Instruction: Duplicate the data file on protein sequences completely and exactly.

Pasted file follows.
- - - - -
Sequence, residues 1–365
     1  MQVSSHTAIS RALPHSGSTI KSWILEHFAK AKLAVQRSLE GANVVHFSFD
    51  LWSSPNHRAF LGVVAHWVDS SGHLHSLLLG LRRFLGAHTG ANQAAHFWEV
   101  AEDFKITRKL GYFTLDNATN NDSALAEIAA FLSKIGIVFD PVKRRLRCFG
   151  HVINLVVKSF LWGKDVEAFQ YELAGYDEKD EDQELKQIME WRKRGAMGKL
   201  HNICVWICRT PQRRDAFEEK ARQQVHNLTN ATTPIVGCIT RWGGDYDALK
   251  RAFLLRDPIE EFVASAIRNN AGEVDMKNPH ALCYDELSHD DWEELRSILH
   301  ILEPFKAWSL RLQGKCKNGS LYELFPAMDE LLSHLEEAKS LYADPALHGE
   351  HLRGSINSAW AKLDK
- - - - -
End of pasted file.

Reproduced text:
Sequence, residues 1–365
     1  MQVSSHTAIS RALPHSGSTI KSWILEHFAK AKLAVQRSLE GANVVHFSFD
    51  LWSSPNHRAF LGVVAHWVDS SGHLHSLLLG LRRFLGAHTG ANQAAHFWEV
   101  AEDFKITRKL GYFTLDNATN NDSALAEIAA FLSKIGIVFD PVKRRLRCFG
   151  HVINLVVKSF LWGKDVEAFQ YELAGYDEKD EDQELKQIME WRKRGAMGKL
   201  HNICVWICRT PQRRDAFEEK ARQQVHNLTN ATTPIVGCIT RWGGDYDALK
   251  RAFLLRDPIE EFVASAIRNN AGEVDMKNPH ALCYDELSHD DWEELRSILH
   301  ILEPFKAWSL RLQGKCKNGS LYELFPAMDE LLSHLEEAKS LYADPALHGE
   351  HLRGSINSAW AKLDK